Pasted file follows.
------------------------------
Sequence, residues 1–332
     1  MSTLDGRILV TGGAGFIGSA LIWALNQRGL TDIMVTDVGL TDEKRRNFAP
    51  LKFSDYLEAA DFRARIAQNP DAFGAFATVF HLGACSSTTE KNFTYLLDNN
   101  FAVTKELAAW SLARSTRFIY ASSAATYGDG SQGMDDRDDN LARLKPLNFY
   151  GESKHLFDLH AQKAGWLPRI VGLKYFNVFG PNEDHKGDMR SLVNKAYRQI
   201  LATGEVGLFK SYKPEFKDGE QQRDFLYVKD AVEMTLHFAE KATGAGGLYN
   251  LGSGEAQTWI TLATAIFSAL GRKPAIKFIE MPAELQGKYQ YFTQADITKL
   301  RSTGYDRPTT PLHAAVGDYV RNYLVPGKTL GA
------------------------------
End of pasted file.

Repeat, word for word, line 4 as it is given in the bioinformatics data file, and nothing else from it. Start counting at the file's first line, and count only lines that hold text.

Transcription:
   101  FAVTKELAAW SLARSTRFIY ASSAATYGDG SQGMDDRDDN LARLKPLNFY